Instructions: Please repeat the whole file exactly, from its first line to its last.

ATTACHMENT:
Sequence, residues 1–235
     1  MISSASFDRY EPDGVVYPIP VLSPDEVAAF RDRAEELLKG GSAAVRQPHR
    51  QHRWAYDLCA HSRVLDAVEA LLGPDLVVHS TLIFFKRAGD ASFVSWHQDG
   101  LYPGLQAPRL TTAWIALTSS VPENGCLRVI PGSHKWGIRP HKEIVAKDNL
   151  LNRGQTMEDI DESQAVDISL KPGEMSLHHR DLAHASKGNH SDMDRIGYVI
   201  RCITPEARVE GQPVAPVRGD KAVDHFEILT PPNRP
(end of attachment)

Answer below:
Sequence, residues 1–235
     1  MISSASFDRY EPDGVVYPIP VLSPDEVAAF RDRAEELLKG GSAAVRQPHR
    51  QHRWAYDLCA HSRVLDAVEA LLGPDLVVHS TLIFFKRAGD ASFVSWHQDG
   101  LYPGLQAPRL TTAWIALTSS VPENGCLRVI PGSHKWGIRP HKEIVAKDNL
   151  LNRGQTMEDI DESQAVDISL KPGEMSLHHR DLAHASKGNH SDMDRIGYVI
   201  RCITPEARVE GQPVAPVRGD KAVDHFEILT PPNRP